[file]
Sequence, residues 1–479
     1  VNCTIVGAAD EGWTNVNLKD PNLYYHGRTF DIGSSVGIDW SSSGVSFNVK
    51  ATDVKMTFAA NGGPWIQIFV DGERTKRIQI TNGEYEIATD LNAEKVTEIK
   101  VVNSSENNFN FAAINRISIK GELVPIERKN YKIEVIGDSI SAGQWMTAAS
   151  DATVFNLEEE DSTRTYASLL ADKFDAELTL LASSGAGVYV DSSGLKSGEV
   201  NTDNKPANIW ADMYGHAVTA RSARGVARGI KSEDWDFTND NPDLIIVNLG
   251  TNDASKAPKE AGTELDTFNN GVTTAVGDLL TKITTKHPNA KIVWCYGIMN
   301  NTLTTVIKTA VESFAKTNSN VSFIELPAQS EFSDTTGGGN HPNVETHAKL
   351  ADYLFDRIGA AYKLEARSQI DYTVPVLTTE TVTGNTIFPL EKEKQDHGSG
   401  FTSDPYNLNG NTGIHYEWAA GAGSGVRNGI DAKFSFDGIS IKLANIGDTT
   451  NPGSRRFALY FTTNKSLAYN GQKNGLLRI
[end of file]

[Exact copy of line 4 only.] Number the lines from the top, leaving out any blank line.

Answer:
   101  VVNSSENNFN FAAINRISIK GELVPIERKN YKIEVIGDSI SAGQWMTAAS